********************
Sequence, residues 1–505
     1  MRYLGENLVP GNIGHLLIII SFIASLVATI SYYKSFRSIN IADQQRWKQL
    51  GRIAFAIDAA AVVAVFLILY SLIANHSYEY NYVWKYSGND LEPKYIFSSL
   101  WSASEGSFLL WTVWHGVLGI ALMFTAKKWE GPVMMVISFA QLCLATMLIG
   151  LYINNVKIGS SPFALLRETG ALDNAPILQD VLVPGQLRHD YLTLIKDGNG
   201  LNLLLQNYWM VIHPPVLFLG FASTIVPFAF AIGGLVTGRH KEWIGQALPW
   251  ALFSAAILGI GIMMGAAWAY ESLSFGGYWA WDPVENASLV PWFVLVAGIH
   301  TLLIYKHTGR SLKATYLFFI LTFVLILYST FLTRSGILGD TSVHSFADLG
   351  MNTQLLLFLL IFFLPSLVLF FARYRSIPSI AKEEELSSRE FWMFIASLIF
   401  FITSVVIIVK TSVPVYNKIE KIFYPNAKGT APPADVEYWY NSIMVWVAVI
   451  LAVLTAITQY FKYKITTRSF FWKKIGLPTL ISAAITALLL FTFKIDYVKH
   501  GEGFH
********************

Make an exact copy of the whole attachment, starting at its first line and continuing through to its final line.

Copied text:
Sequence, residues 1–505
     1  MRYLGENLVP GNIGHLLIII SFIASLVATI SYYKSFRSIN IADQQRWKQL
    51  GRIAFAIDAA AVVAVFLILY SLIANHSYEY NYVWKYSGND LEPKYIFSSL
   101  WSASEGSFLL WTVWHGVLGI ALMFTAKKWE GPVMMVISFA QLCLATMLIG
   151  LYINNVKIGS SPFALLRETG ALDNAPILQD VLVPGQLRHD YLTLIKDGNG
   201  LNLLLQNYWM VIHPPVLFLG FASTIVPFAF AIGGLVTGRH KEWIGQALPW
   251  ALFSAAILGI GIMMGAAWAY ESLSFGGYWA WDPVENASLV PWFVLVAGIH
   301  TLLIYKHTGR SLKATYLFFI LTFVLILYST FLTRSGILGD TSVHSFADLG
   351  MNTQLLLFLL IFFLPSLVLF FARYRSIPSI AKEEELSSRE FWMFIASLIF
   401  FITSVVIIVK TSVPVYNKIE KIFYPNAKGT APPADVEYWY NSIMVWVAVI
   451  LAVLTAITQY FKYKITTRSF FWKKIGLPTL ISAAITALLL FTFKIDYVKH
   501  GEGFH